Labor protests Postal Service privatization amid deal with Staples

Pub date January 28, 2014
SectionPolitics Blog

Bearing blue T-shirts and banners stating “Stop Staples! The U.S. mail is not for sale!” 70-plus protesters from the United States Postal Service Union, along with members of the American Federation of Teachers and the National Union of Healthcare Workers, today [Tues/28] rallied outside the Staples store on Van Ness Avenue in opposition to USPS’s “Retail Partner Expansion Program” that began in November.

This program allows the creation of  postal counter centers in 80 Staples stores nationwide, which provide limited USPS services at the same rates as the post office. But the drawback — and a major point of contention among protesters — is that they are staffed by Staples employees, not unionized USPS workers.

The pilot program is seen as stripping jobs from postal workers and starting down a road to the privatization of the post office. This comes in a time when jobs at the USPS have been cut by 44 percent, according to Postmaster General Patrick Donahoe. This on top of the Bureau of Labor Statistics’ projection of a 26.8 percent drop between 2012 and 2022.  The protesters and affiliates, know these numbers all too well, and consider the matter all the more  imperative to allow Staples’ USPS service windows to be staffed by real postal workers.

Supporter Lynda Beigel was employed by the USPS for 33 years before retiring in 2002, and noted how the Staples counter centers could drastically affect workers locally. “Staples doesn’t pay as much as the post office, and the post office’s employees aren’t getting enough to live on in San Francisco,” she told us.

Beigel also described fear of being in competition with a private company that doesn’t have to follow the rules and regulations that burden the post office when “there is a Staples store in San Bruno right across the street from the post office,” she said, noted that she “was horrified to find there was no security for the mail, it was just sitting around.”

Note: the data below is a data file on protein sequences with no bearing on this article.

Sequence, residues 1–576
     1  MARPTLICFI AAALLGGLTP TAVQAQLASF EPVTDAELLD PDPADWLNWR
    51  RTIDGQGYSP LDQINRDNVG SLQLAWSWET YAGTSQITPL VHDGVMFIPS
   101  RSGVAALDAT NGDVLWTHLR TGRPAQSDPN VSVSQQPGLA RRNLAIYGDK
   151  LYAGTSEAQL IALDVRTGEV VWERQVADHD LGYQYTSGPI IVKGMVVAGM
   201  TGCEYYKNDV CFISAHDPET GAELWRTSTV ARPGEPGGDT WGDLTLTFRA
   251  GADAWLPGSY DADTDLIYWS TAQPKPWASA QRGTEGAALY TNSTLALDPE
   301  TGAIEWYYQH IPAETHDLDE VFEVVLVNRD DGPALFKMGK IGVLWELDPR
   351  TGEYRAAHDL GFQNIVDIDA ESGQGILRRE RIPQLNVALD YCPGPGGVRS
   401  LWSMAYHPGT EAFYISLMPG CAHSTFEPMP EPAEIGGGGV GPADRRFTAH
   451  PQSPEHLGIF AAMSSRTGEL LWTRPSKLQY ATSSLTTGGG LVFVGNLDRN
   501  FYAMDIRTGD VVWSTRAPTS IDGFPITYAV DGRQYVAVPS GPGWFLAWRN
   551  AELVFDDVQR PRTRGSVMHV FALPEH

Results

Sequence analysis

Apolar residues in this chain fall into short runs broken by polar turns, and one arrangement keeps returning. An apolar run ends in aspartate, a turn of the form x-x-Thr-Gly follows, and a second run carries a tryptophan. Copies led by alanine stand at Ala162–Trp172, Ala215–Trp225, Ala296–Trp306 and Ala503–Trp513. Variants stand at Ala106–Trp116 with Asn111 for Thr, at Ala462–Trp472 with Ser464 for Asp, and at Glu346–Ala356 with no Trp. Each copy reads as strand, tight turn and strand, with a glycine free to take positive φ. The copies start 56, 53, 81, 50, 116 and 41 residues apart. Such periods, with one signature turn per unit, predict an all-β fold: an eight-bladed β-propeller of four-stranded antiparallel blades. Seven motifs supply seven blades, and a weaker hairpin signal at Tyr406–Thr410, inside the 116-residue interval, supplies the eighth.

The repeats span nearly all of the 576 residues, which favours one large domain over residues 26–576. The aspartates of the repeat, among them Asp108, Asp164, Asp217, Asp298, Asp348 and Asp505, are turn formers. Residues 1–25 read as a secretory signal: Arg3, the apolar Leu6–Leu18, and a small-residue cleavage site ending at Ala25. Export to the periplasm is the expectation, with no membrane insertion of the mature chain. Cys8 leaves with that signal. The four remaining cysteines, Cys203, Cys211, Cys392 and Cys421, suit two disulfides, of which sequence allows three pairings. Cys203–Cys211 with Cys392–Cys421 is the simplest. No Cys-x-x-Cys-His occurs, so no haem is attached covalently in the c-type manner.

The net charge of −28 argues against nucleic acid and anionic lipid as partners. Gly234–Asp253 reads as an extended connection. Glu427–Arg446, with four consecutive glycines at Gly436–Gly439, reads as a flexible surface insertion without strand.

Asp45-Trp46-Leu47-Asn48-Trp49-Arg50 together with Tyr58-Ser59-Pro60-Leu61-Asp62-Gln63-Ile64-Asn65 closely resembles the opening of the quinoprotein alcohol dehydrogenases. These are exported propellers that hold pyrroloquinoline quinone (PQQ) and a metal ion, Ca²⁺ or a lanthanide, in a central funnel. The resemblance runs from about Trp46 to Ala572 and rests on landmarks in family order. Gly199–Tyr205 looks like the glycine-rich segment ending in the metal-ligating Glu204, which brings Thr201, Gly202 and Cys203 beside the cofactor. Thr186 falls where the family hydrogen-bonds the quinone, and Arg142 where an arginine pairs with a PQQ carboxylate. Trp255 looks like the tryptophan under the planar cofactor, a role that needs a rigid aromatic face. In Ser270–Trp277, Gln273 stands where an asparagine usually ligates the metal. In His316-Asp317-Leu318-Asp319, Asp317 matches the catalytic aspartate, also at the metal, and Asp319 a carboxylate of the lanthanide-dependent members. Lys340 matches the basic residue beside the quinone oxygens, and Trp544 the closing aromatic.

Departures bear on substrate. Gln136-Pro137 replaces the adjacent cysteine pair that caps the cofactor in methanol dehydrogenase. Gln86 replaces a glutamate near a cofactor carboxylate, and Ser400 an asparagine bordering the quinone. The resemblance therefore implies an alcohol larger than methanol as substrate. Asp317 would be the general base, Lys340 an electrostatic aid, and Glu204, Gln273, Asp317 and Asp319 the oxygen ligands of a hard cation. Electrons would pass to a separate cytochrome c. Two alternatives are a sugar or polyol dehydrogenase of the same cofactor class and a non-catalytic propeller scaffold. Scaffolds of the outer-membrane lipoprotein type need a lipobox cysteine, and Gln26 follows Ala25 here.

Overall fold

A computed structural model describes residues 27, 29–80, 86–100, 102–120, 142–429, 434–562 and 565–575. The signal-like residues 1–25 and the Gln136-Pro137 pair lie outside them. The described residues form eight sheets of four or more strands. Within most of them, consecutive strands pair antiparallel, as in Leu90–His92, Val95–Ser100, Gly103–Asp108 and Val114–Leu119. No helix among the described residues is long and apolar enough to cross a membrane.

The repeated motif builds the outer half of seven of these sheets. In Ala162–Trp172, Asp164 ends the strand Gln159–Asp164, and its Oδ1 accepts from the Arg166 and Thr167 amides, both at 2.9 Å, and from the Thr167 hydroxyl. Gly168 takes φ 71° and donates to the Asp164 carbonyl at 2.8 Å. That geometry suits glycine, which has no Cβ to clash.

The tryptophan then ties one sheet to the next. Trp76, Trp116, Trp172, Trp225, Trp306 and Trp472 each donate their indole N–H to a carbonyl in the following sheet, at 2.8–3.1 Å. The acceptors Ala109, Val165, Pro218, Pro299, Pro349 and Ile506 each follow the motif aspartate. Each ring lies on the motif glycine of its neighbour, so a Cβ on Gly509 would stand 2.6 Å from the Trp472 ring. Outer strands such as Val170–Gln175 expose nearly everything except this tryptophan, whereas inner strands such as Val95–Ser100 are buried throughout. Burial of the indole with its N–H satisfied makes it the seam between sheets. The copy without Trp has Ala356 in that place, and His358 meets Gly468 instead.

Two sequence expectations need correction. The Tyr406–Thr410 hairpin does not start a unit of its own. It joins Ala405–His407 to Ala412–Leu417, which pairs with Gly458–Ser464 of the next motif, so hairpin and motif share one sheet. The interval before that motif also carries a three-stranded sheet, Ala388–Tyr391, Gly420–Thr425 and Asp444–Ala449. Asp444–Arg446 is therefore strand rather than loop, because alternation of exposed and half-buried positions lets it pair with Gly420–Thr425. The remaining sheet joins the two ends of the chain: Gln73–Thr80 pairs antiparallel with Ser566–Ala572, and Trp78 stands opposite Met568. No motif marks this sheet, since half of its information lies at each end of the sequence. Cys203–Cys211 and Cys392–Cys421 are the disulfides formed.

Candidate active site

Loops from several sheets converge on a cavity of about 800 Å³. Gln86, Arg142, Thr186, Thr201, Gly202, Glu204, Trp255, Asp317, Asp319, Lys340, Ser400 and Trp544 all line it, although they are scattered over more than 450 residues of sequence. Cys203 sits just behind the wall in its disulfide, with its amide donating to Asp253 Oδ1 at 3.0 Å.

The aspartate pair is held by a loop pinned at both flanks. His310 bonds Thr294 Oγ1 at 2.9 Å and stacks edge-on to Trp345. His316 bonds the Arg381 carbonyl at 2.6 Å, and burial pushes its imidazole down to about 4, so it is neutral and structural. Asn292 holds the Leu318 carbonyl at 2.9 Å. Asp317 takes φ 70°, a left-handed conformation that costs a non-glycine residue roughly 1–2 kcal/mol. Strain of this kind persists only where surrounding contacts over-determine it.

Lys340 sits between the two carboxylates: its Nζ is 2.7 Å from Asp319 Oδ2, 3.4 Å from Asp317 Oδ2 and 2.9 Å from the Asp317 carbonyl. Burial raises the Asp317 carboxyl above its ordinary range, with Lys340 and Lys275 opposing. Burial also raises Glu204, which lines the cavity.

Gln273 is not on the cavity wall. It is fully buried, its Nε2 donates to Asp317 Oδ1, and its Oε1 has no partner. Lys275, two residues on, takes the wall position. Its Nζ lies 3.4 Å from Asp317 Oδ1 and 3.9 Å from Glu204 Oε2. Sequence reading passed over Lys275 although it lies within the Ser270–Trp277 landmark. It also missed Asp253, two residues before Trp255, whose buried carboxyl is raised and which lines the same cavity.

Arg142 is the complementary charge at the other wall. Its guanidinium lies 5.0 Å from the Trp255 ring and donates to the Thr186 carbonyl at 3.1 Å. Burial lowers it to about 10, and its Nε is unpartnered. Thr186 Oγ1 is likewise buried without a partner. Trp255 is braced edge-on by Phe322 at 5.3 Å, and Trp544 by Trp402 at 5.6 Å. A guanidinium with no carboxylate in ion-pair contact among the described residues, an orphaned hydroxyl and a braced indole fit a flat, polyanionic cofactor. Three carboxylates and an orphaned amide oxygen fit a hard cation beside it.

City College of San Francisco Professor Rodger Schott and his colleagues in the AFT stood with the USPSU members against potential privatization , stating “we support them very much because they’re, in a way, facing the same privatization threat that we are.”

Commenting on the issue of the service’s being staffed by private, non-union workers, he said, “If the postal service wanted to have its employees at Staples, we don’t have any problem with that. However we feel very strongly [opposed to] Staples taking postal [workers’ jobs] and giving people a much lower rate without any kind of bargaining process…The threat to the postal worker is very, very serious. It’s certainly a threat against minorities and the poor people of the country. The postal service has good jobs, and it’s something that we, the nation, need. We see them as comrades in a similar struggle and we will do everything we can.”

The Stapes employees themselves, looking out at the crowd from an almost empty store, were sworn to silence, and would only reveal the number to a corporate public relations office, where we left a message and we’re still awaiting a response.

Like the post office, Staples is also struggling financially, closing 40 stores in 2013. Whether or not the union can get a foothold, and possibly add much needed reforms to the program and fight the risk of possible privatization, is gathering momentum as the public becomes more aware of its danger.